Monday, September 17, 2012

No More Tubes

Theses things were in David's ears for almost 3 years!

As I mentioned in my last post, David had his tubes taken out of his ears last Monday morning.  We had his hearing tested last month and found out he has mild hearing loss.  However, since he is only 7, they said that mild hearing loss is significant.

Ever since David was a baby, he has had ear infection after ear infection.  He got his first set of tubes at 10 months.  The set above is his 4th set.  Each time they would put tubes in around Christmas, then they would fall out about 10 months later.  Then the ear infections would start again and would be constant until we put tubes in again...at Christmas again.  After doing that cycle 3 times, our ear doc suggested putting in the T-tubes seen in the picture above.

"Regular" tubes look just like tiny pieces of a straw that they stick through the ear drum.  Your ear drum is essentially a piece of skin that is stretched across your inner ear that vibrates when sound waves hit it.  That's how you hear.  When you get sick - a cold, the flu, respiratory infection, etc. - fluid can build up behind your ear drum.  Most people have bodies that reabsorb the fluid when you start to get better.  If your body doesn't do that, the fluid remains back there and gets infected.  When a doctor puts tubes through the ear drum, they allow the fluid to drain out from behind the ear drum into the ear canal and out of the body.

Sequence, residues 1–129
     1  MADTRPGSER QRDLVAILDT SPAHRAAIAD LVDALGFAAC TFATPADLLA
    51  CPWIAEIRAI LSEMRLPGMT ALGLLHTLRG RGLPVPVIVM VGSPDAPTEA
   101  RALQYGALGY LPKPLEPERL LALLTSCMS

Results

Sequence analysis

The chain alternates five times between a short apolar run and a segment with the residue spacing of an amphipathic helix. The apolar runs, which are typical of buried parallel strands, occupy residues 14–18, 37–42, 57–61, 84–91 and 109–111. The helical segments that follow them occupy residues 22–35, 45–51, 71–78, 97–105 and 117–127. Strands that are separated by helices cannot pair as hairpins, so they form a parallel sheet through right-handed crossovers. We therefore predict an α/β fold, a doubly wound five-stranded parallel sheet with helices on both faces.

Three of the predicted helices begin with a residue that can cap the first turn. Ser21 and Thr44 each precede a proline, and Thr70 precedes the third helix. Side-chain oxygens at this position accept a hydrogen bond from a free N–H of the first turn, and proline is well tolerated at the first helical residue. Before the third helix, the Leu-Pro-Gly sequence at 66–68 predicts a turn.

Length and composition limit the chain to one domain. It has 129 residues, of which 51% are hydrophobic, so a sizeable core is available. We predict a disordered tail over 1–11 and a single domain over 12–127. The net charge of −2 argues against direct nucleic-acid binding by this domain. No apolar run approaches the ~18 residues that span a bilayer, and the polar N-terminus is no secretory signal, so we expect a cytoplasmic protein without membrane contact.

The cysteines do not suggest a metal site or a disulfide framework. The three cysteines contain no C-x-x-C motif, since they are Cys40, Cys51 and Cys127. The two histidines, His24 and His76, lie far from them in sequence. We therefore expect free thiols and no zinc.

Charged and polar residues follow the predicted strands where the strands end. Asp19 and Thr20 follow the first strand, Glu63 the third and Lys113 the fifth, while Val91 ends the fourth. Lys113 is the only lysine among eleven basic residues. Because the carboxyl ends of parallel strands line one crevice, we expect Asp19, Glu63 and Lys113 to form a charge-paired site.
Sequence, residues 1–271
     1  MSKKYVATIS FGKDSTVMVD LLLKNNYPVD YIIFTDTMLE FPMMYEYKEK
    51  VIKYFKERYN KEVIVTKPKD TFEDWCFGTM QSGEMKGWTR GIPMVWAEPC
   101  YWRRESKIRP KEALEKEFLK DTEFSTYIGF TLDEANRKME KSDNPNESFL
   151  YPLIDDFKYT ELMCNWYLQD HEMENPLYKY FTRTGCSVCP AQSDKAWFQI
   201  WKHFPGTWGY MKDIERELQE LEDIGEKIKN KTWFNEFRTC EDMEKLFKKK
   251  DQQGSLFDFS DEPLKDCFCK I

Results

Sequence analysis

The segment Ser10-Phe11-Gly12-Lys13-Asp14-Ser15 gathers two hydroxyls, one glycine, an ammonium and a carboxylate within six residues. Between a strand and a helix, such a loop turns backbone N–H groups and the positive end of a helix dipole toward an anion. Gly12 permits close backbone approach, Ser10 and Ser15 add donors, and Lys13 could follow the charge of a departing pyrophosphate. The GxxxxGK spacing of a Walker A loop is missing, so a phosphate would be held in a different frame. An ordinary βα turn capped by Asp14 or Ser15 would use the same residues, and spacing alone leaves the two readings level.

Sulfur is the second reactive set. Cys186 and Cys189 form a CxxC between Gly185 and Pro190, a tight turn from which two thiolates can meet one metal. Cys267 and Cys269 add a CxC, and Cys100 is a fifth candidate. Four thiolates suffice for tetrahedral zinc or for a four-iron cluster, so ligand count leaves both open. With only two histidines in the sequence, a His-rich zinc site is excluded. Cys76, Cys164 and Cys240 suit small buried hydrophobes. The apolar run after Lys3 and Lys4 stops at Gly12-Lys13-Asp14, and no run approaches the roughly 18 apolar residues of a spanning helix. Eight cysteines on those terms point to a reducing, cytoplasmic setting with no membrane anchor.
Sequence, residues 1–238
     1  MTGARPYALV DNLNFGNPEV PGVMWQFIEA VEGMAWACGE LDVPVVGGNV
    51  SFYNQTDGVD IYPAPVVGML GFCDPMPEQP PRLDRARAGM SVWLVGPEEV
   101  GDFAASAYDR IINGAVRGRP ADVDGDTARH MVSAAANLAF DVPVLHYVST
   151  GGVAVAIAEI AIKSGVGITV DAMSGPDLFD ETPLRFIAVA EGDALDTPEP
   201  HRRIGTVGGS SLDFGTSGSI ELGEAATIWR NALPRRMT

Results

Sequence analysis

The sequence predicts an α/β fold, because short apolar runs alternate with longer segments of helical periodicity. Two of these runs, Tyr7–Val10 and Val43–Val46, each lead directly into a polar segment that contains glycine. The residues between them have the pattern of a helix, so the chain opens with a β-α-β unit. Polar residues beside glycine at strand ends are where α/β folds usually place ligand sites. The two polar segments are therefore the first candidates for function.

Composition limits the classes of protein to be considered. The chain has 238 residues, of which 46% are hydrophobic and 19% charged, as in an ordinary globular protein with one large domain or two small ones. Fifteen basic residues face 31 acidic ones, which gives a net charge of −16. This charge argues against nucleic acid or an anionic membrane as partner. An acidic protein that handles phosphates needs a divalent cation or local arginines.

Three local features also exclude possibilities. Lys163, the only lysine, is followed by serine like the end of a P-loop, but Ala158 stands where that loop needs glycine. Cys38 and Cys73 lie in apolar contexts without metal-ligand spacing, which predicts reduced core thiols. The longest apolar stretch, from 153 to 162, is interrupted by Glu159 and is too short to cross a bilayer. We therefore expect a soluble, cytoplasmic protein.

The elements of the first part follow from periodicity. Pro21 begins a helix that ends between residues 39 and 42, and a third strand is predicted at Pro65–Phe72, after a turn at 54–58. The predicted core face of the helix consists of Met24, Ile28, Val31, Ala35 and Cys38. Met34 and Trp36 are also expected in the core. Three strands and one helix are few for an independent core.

"Regular" tubes are made to fall out within a year.  The hope is that little bodies will learn to get that fluid out on their own and they will outgrow the ear infections and the need for more tubes.

That wasn't the case for David.

T-tubes, as pictured above, are like a little straw with a flexible "T" on them.  That "T" goes behind the ear drum and keeps the tubes in the ear.  Since it is flexible, when it's time to take them out, the doctor just pulls on them a bit with a special pair of tweezers and they just pop right out of the ear.

I won't say it was completely painless to get them out because David's left ear hurt for about 15 minutes, but it wasn't too bad.  Now, it's a waiting game...wait for those holes in his ear drums to heal up, pray that they heal up on their own and don't need help, and retest his hearing to see if taking the tubes out helped.

Unfortunately, both ear infections and tubes can create scar tissue in the ear and can affect hearing.  The more scarred and thick the ear drum is the less it can vibrate.

Our prayer is that letting his ear drum heal up will allow his hearing to be restored.  But for now, he is very excited to show off his tubes to everyone who will listen.

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